“Lili Marlene” was the title of a World War II-era German song that became popular with both the Axis and the Allies. Set in pre-WWII Berlin, this similarly titled Off-Broadway musical (with book and music by Michael Antin) centers on the fictional character of Rosie Pen (Amy Londyn), a Jewish cabaret singer whose rendition of the song makes it famous. With Nazism on the rise, Rosie’s unlikely love affair with a young German count named Willi (Clint Hromsco) drives them both to seek ways out of the country. — Tuesdays through Dec. 19, 7 p.m., St. Luke’s Theatre, 308 W. 46th St., (212) 239-6200, Telecharge.com.
TAKING THE WHEEL: ARI AXELROD
Featuring the music of Cole Porter to Carole King, Ari Axelrod’s “Taking the Wheel” delivers the “unfailingly engaging and intelligent” (KDHX St. Louis) story of a Jewish guy unexpectedly thrust into the driver’s seat. Directed by Tony-winner Faith Prince with music direction by Alex Rybeck. — Saturday, Oct. 28, 11 p.m. doors, 11:30 p.m. show, 54 Below, 254 W. 54th St., (646) 476-3551, 54below.com.
YANIV TAUBENHOUSE TRIO
The Israeli-born, New York-based pianist, along with bassist Rick Rosato and drummer Jerad Lippi, perform excerpts from “Moments in Trio-Volume One” (Fresh Sound Records). Taubenhouse, said NPR, “possesses a rare gift as a musician and pianist — the combination of virtuosity, curiosity along with the courage to use his art as a vehicle to bring his joy and pain to the surface.” — Monday, Oct. 30, 8:30 p.m., Cornelia Street Café, 29 Cornelia St., (212) 989-9319, corneliastreetcafe.com. $10 cover plus $10 minimum.
ISRAEL PHILHARMONIC ORCHESTRA
“A prodigious performer in action, increasingly willing to plumb music’s soul,” is how the Los Angeles Times described pianist Yefim Bronfman. Bronfman, accompanied by the Israel Philharmonic Orchestra, performs a New York premiere of composer Amit Poznansky’s “Footnote Suite,” Beethoven’s Piano Concerto No. 3 and Richard Strauss’ orchestral piece, “Ein Heldenleben.” — Tuesday, Nov. 7, 8 p.m., Carnegie Hall, 881 Seventh Ave., (212) 247-7800, carnegiehall.org.
Singing only in Ladino and combining hints of flamenco, Turkish and Persian music with touches of pop, Israeli singer Yasmin Levy is a rare vocalist — one that the Guardian had called “impressively powerful.” A Q&A with the artist, moderated by ethnomusicologist Samuel R. Thomas, precedes the show. — Saturday, Nov. 4, 7:30 Q&A, 8 p.m. concert, Merkin Concert Hall, 129 W. 67th St., (212) 501-3330, 129 W. 67th St., (212) 501-3330, kaufmanmusiccenter.org.
OTHER ISRAEL FESTIVAL
Three Palestinian women — a stylish, sexually voracious criminal, a subdued lesbian Christian and a religious Muslim student — share an apartment in the heart of Tel Aviv. Together, the roommates search for ways to bridge between their lifestyles and the pressures from their traditional communities. Part of the JCCs Other Israel Film Festival; in Theaters Nov. 10. — Thursday, Nov. 2, 7 p.m., JCC Manhattan, 334 Amsterdam Ave., (646) 505-4444, otherisrael.org.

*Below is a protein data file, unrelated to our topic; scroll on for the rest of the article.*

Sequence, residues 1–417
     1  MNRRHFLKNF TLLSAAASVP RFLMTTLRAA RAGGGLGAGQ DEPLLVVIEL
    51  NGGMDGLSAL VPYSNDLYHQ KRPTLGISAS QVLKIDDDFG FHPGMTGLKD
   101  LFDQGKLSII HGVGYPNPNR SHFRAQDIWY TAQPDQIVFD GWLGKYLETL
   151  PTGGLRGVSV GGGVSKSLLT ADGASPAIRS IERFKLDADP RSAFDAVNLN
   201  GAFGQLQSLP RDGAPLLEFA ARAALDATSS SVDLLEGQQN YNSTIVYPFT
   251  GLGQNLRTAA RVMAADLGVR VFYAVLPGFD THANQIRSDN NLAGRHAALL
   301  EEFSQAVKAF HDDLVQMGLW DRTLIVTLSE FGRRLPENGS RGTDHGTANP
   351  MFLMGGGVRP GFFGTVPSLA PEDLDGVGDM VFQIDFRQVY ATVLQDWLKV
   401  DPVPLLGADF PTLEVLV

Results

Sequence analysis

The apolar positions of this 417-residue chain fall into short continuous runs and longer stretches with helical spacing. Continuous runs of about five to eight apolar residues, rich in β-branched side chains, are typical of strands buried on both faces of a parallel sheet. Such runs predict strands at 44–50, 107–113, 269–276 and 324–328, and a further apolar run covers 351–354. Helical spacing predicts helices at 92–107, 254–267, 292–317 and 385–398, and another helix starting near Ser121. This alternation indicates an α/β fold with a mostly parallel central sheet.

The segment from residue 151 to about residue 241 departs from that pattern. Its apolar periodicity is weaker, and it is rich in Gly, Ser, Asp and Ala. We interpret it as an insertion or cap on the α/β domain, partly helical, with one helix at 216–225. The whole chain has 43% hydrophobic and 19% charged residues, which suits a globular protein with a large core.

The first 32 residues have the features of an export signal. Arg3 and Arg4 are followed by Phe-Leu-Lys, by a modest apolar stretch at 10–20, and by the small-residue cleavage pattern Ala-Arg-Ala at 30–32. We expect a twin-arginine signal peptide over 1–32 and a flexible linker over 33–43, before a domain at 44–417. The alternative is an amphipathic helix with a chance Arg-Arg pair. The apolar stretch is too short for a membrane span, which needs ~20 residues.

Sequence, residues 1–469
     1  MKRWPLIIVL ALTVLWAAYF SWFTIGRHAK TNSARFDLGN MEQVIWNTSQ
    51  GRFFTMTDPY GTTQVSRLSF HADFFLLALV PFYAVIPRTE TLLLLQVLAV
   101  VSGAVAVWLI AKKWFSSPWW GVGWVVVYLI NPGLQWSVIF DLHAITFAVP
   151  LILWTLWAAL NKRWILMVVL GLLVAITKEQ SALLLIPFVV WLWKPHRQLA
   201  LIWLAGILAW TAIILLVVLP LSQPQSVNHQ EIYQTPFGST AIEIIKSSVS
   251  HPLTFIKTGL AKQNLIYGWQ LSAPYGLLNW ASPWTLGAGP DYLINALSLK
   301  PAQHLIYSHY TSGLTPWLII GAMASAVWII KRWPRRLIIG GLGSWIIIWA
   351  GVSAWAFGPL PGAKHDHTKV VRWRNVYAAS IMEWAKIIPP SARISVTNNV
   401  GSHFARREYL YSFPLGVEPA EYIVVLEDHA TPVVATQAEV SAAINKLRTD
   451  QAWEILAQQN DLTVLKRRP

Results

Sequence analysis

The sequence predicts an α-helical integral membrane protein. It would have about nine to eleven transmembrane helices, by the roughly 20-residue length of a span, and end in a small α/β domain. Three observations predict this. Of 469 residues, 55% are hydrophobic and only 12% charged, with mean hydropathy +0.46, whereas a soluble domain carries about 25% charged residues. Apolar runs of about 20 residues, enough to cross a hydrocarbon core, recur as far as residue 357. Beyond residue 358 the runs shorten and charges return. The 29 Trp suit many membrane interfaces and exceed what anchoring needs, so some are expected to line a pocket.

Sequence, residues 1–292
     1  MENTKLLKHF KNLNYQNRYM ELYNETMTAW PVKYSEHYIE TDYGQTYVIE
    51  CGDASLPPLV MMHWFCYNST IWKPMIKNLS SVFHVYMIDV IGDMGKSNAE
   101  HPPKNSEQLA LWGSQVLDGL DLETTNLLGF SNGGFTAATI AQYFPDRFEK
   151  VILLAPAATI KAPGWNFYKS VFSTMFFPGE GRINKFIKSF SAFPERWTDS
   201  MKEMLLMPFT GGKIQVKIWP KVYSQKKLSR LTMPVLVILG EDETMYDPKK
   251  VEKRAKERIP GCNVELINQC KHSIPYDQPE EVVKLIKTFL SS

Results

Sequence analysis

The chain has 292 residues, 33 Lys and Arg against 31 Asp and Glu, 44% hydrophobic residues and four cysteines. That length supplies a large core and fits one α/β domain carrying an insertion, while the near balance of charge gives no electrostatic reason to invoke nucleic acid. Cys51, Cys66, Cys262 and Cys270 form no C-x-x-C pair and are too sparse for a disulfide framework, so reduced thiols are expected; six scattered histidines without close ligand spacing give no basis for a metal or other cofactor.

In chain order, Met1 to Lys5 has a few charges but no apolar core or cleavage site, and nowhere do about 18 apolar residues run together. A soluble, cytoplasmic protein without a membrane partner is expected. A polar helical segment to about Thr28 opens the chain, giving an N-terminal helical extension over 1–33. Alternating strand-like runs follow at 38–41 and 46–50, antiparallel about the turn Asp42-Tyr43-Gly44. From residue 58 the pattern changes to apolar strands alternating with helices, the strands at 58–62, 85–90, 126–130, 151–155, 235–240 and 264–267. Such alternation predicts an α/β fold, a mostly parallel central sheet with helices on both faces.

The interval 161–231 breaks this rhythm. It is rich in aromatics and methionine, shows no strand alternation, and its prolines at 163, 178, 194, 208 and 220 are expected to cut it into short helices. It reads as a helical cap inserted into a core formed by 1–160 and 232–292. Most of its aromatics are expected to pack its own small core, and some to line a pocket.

A LAND WITHOUT BORDERS
Award-winning writer Nir Baram travels through the West Bank to speak with the locals on both sides of the conflict. What he learns forces him to challenge his political belief system and re-evaluate his own hopes for a peaceful resolution couched in the two-state solution. Part of the JCCs Other Israel Film Festival. — Saturday, Nov. 4, 6:45 p.m., JCC Manhattan, 334 Amsterdam Ave., (646) 505-4444. otherisrael.org.
THE PROMISED BAND
American reality TV producer Jen Heck brings her friends from a self-described bubble in Tel Aviv, to meet Lina, a Palestinian living in Nablus, which is off limits to Israeli citizens. When Shlomit and Lina hit it off, they decide to form a band which would allow them to continue to meet and interact. The more time the women spend together, the more they connect with each other and begin to realize they’re not so different. Part of the JCCs Other Israel Film Festival. — Saturday, Nov. 8, 6:45 p.m., JCC Manhattan, 334 Amsterdam Ave., (646) 505-4444. otherisrael.org.
On a sweltering August day in 1945, Hungarian villagers prepare for the wedding of the town clerk’s son. Meanwhile, two Orthodox Jews arrive at the village train station with mysterious boxes labeled “fragrances.” The town clerk fears the men may be heirs of the village’s deported Jews and expects them to demand their illegally acquired property, lost during the war, be returned. Variety called the film “a fresh, intelligent cinematic approach to a difficult topic that takes on a transitional time in Hungarian history with subtlety and nuance.” — In wide release Nov. 1. (See story on page 26.)